Strawberry in 2016
|Born: March 12, 1962|
Los Angeles, California
|May 6, 1983, for the New York Mets|
|Last MLB appearance|
|October 3, 1999, for the New York Yankees|
|Runs batted in||1,000|
|Career highlights and awards|
Darryl Eugene Strawberry Sr. (born March 12, 1962) is an American former professional baseball right fielder and author who played 17 seasons in Major League Baseball (MLB). Throughout the 1980s and early 1990s, Strawberry was one of the most feared sluggers in the sport, known for his prodigious home runs and his intimidating presence in the batter's box with his 6-foot-6 frame and his long, looping swing that elicited comparisons to Ted Williams'.
During his career, he helped lead the New York Mets to a World Series championship in 1986 and the New York Yankees to three World Series championships in 1996, 1998 and 1999. He was also suspended three times by MLB for substance abuse, leading to many narratives about his massive potential going unfulfilled. A popular player during his career, Strawberry was voted to the All-Star Game eight straight times from 1984–1991. Strawberry was formerly an analyst for SportsNet New York. His memoir, Straw: Finding My Way, written in collaboration with author John Strausbaugh, was published on April 28, 2009, by Ecco Press.
Strawberry was born to Henry and Ruby Strawberry in Los Angeles. He played high school baseball for the Crenshaw High School Cougars along with Chris Brown. Strawberry was drafted first overall in the 1980 Major League Baseball draft by the New York Mets. Darryl's older brother, Michael Strawberry, was also selected in that draft, going to the Dodgers in the 31st round.
Employing a distinctive batting stance with a high leg kick, Strawberry rose through the Mets system and reached the major league level in 1983, posting 26 home runs, 7 triples, and 74 runs batted in, while hitting for a .257 average. He was named the National League's Rookie of The Year. In 1984, he made it to the All-Star game for the first of 8 consecutive appearances (the first 5 as a starter), and he once again hit 26 home runs, this time driving in 97 runs.
During the period from 1983 to 1990, Strawberry was very popular, with his image used on action figures (Kenner's Starting Lineup), posters and banners. He was also known for his disruptive behavior. He got into a physical altercation on team picture day with team captain Keith Hernandez and in the midst of a war of words with infielder Wally Backman, threatened to "bust that little redneck in the face". He often overslept and was late for, or missed, team workouts. He publicly complained about Manager Davey Johnson after he was removed from the game in a double-switch during the 9th inning of Game 6 of the 1986 World Series, which the Mets would go on to win. During the regular season in 1986, Strawberry hit 27 homers and had 93 RBIs.
In 1987, Strawberry hit 39 home runs and stole 36 bases, joining the exclusive 30–30 club at the time becoming one of only 10 players in baseball history to accomplish the feat. In addition to that, he hit 32 doubles and drove in 104 runs. Despite this, the 1987 team missed the playoffs.
In 1988, Strawberry once again hit 39 home runs to lead the National League. He also drove in 101 runs and led the league in slugging percentage at .545 and OPS at .911. He finished a very close second in MVP voting to the Dodgers' Kirk Gibson. Strawberry led the Mets to the playoffs, losing to the Dodgers in seven games in the National League championship series.
In 1989, Strawberry's offensive numbers declined: He had 29 home runs and 77 runs batted, but only had a .225 average. Nevertheless, the Mets came in a close second place to the Chicago Cubs in the National League East.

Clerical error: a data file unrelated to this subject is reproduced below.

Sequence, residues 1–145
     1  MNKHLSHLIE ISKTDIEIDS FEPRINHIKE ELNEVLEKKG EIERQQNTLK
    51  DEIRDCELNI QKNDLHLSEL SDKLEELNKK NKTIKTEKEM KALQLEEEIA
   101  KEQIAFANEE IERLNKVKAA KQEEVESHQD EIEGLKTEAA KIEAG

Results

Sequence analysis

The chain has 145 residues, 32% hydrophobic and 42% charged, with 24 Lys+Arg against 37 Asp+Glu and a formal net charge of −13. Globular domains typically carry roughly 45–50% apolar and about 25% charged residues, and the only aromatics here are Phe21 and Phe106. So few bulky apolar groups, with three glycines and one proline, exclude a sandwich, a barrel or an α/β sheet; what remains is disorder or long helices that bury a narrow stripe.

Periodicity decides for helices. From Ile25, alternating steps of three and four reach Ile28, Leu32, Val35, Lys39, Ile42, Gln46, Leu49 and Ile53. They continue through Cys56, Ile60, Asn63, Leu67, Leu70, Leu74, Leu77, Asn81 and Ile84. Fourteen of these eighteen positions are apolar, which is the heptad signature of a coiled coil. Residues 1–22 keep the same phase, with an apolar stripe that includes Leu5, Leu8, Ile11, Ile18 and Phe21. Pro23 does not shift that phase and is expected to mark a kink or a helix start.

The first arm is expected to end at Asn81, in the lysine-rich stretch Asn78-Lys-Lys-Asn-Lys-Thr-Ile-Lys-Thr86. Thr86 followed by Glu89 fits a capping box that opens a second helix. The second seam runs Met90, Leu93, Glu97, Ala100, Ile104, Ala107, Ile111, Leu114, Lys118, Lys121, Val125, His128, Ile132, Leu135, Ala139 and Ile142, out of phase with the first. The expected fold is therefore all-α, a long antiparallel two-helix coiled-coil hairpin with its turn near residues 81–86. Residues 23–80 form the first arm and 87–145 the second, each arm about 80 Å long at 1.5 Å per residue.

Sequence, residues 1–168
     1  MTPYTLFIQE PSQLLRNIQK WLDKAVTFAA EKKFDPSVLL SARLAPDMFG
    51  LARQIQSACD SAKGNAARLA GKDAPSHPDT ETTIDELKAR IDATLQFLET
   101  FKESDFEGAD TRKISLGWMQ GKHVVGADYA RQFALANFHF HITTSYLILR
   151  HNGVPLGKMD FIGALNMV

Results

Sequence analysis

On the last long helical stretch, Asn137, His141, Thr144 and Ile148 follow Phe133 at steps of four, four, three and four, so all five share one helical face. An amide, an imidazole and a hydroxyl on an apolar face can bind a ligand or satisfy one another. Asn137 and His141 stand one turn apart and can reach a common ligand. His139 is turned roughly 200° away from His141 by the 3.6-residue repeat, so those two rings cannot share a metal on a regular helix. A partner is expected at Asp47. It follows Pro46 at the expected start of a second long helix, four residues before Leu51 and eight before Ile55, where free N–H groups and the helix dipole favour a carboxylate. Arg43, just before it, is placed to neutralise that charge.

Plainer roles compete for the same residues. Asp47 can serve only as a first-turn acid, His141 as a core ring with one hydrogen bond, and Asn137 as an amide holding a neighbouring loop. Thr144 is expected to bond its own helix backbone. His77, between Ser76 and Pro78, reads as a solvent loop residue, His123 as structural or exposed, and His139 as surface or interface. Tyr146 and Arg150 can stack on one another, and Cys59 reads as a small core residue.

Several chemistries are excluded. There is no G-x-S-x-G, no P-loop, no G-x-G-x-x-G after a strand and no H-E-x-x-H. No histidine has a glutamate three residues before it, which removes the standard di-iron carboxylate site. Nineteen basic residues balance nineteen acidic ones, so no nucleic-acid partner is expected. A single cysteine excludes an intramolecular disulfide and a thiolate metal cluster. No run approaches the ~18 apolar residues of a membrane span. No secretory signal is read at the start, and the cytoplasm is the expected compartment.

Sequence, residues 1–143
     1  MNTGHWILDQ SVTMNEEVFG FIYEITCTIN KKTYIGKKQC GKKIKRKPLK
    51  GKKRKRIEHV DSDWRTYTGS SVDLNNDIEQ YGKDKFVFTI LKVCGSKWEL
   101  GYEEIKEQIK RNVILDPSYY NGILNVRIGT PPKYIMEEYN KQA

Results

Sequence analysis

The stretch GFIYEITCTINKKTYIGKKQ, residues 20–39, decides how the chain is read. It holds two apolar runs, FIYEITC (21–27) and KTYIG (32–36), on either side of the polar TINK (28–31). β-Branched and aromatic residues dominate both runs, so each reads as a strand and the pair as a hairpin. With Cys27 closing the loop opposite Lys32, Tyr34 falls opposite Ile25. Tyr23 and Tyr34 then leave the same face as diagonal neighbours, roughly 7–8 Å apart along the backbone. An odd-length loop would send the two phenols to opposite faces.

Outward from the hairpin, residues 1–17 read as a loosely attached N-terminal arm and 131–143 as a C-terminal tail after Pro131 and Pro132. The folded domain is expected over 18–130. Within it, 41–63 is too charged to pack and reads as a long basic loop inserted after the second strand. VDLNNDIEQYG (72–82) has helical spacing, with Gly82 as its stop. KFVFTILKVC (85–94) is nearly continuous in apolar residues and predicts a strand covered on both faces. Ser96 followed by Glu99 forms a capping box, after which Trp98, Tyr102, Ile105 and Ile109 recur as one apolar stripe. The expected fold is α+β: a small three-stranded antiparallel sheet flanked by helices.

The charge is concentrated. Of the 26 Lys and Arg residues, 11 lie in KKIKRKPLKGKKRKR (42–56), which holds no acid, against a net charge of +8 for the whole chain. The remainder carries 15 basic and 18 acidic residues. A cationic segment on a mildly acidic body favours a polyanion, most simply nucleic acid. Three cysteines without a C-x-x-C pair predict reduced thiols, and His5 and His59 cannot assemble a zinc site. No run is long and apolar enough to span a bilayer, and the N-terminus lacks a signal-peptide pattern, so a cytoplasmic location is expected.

In 1990, Strawberry rebounded by hitting 37 home runs, while driving in 108 runs and batting for a .277 average. His Mets, however, came once again in a close second place in the NL's east, losing to the Pittsburgh Pirates by three games. Strawberry himself finished third in MVP voting that season.
Strawberry signed as a free agent with the Los Angeles Dodgers on November 8, 1990, inking a lucrative five-year $22.25 million contract. In California, he was named Big Brother of The Year for 1991. After hitting 28 home runs and bringing in 99 runs batted in a successful first year for the Dodgers, injuries and personal problems kept him sidelined for much of the next two seasons, hitting five home runs in each season.
Strawberry's numbers tailed off considerably after 1991; over the next two years he only played in 75 games. In 1994, he was released in May by the Dodgers and signed with the San Francisco Giants, where he saw limited playing time as he tried to make a comeback, hitting only four home runs and driving in 17 runs that year.
After a suspension from the league at the beginning of 1995 after testing positive for cocaine, Strawberry signed with the New York Yankees for the stretch run. The next year, Darryl signed with the Saint Paul Saints of the Northern League on May 3, 1996 in an attempt to rehabilitate. On June 2, the Saints faced the Duluth–Superior Dukes at Wade Stadium, where Strawberry hit his first home run for the Saints, at a distance of 522' off of pitcher Pat Ahearne. Soon thereafter, he found himself back with the Yankees who signed him on July 4, 1996.
With the Yankees, he showed flashes of his former brilliance, belting 11 home runs in a part-time role and helping his team win the World Series in 1996 alongside former Mets teammates Dwight Gooden and David Cone. His second career three-homer game came against the Chicago White Sox on August 6 of that season.
He had a big series against the Baltimore Orioles in the 1996 ALCS as he blasted three home runs with five RBIs and a .417 average in four games. In 1997, he did not have any home runs, with his playing time limited by injuries. He played in just 11 games that year, collecting just two runs batted in.
But in 1998, he had 24 home runs, once again helping the Yankees win the World Series and playing 100 games for the first time since 1991. This was also the year he was diagnosed with colon cancer. In 1999, he made a comeback from his cancer treatment, but saw limited playing time, hitting 3 home runs. He did however hit a crucial 3-run home run against the Texas Rangers in the 1999 American League Division Series helping the Yankees advance to the ALCS.
Strawberry was the starting right fielder five straight times and appeared at nine All-Star games. He batted .333 with two stolen bases and two runs in 12 career All-Star at-bats. He had two three-home run games in his career, both of which came against Chicago teams and were almost 11 years to the day between each other. The first came against the Cubs on August 5, 1985, and the second was on August 6, 1996, against the White Sox.